Mutation of the gene encoding human TTF-2 associated with thyroid agenesis, cleft palate and choanal atresia

@article{CliftonBligh1998MutationOT,
  title={Mutation of the gene encoding human TTF-2 associated with thyroid agenesis, cleft palate and choanal atresia},
  author={Roderick John Clifton-Bligh and John M. Wentworth and Peter Heinz and M Crisp and Rhys John and John H. Lazarus and Marian Ludgate and Vengalil Krishna Chatterjee},
  journal={Nature Genetics},
  year={1998},
  volume={19},
  pages={399-401}
}
Congenital hypothyroidism occurs in one of every three to four thousand newborns, owing to complete or partial failure of thyroid gland development. Although thyroid hypoplasia has recently been associated with mutations in the thyrotropin (TSH) receptor, the cause of thyroid agenesis is unknown. Proteins including thyroid transcription factors 1 (TTF-1; refs 4, 5) and 2 (TTF-2; refs 6, 7) and Pax8 (refs 8, 9) are abundant in the developing mouse thyroid and are known to regulate genes… Expand
Thyroid defects due to Pax8 gene mutations.
  • G. Damante
  • Biology, Medicine
  • European journal of endocrinology
  • 1998
TLDR
The search for mutations of genes coding for TTF-1, T TF-2 and Pax8 in subjects with thyroid dysgenesis has revealed that defects in these factors are responsible for several cases of CH, revealing a complex picture suggestive for future development in the field. Expand
Mutations in the TTF2 Gene are Not a Common Finding in Patients with Isolated Cleft Palate and Choanal Atresia
TLDR
Results suggest that TTF-2 mutations are not a frequent cause of nonsyndromic defects involving palate and bucconasal membrane development. Expand
A novel missense mutation in human TTF-2 (FKHL15) gene associated with congenital hypothyroidism but not athyreosis.
TLDR
It is suggested that TTF-2 gene defects should also be considered in cases of syndromic CH without total athyreosis and indicate that human thyroid development can occur despite loss of T TF-2 function. Expand
A novel loss-of-function mutation in TTF-2 is associated with congenital hypothyroidism, thyroid agenesis and cleft palate.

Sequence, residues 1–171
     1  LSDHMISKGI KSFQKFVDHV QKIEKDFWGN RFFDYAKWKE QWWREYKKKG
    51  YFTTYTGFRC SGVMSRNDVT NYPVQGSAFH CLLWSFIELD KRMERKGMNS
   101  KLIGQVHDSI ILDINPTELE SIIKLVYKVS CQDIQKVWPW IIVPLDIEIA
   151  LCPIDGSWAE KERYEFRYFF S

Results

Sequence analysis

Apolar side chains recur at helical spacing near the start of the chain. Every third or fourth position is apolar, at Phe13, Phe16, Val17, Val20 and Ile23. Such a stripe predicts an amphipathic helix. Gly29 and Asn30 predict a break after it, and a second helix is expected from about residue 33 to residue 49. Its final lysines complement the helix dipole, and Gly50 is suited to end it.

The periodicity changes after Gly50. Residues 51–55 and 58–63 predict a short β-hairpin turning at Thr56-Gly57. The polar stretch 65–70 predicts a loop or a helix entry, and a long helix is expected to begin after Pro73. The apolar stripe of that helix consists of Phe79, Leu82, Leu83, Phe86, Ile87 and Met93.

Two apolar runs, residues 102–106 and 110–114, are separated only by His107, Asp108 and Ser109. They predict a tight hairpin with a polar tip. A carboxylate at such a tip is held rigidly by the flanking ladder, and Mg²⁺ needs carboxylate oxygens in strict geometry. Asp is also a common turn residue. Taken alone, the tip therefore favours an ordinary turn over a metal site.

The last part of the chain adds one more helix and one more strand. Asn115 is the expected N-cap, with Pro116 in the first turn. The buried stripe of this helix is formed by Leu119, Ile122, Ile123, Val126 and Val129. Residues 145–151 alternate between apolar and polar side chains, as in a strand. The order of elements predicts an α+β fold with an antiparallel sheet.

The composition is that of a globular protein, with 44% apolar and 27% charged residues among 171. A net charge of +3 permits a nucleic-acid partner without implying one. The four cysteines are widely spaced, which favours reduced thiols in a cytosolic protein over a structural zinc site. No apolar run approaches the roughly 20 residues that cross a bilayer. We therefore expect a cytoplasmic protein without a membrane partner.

TLDR
The observations support the role of TTF-2 in both thyroid and palate development but suggest phenotypic heterogeneity of this syndromic form of CH, which may account for the absence of choanal atresia and bifid epiglottis in patients. Expand
A mouse model for hereditary thyroid dysgenesis and cleft palate
TLDR
It is shown that Titf2-null mutant mice exhibit cleft palate and either a sublingual or completely absent thyroid gland, which results in neonatal hypothyroidism that shows similarity to thyroid dysgenesis in humans. Expand
Autosomal dominant transmission of congenital thyroid hypoplasia due to loss-of-function mutation of PAX8.
TLDR
A novel mutation of PAX8 is described causing autosomal dominant transmission of CH with thyroid hypoplasia, giving further evidence that, contrary to the situation in knockout mice, haplo-insufficiency of Pax8 is a cause of CH in humans. Expand
Mutations in the gene encoding paired box domain (PAX8) are not a frequent cause of congenital hypothyroidism (CH) in Iranian patients with thyroid dysgenesis.
TLDR
The results indicate that the PAX8 mutation rate is very low and can only explain a minority of the cases, therefore, it is highly needed to further investigate the genes controlling development and function of thyroid. Expand
Aspectos genéticos do hipotireoidismo congênito
TLDR
Evidence suggests that mutations in transcription factors (TTF2, TTF1, and PAX-8) and TSH receptor gene could be responsible for the disease and the syndrome of resistance to thyroid hormone is rare, implies a hypothyroidism state for some tissues. Expand
A novel mutation (Q40P) in PAX8 associated with congenital hypothyroidism and thyroid hypoplasia: evidence for phenotypic variability in mother and child.
TLDR
Findings confirm the important role of PAX8 in the development of the thyroid, but they indicate that PAX8 gene mutations may have a variable penetrance or expressivity. Expand